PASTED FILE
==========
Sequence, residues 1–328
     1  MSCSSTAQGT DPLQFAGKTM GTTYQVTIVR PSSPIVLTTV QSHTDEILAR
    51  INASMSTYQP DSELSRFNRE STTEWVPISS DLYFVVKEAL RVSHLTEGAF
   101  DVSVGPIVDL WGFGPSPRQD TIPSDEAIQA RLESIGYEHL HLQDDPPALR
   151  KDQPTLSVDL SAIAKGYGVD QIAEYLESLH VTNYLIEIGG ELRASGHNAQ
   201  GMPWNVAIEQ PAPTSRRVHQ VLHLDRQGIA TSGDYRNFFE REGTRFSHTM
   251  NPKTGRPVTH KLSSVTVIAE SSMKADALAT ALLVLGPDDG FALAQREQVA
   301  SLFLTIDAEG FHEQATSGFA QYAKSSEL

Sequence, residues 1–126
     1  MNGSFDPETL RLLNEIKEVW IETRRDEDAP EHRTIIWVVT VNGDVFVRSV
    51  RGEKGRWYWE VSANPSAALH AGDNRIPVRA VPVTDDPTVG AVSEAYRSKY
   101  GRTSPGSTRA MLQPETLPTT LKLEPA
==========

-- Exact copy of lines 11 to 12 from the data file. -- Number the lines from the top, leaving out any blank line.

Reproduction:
    51  RGEKGRWYWE VSANPSAALH AGDNRIPVRA VPVTDDPTVG AVSEAYRSKY
   101  GRTSPGSTRA MLQPETLPTT LKLEPA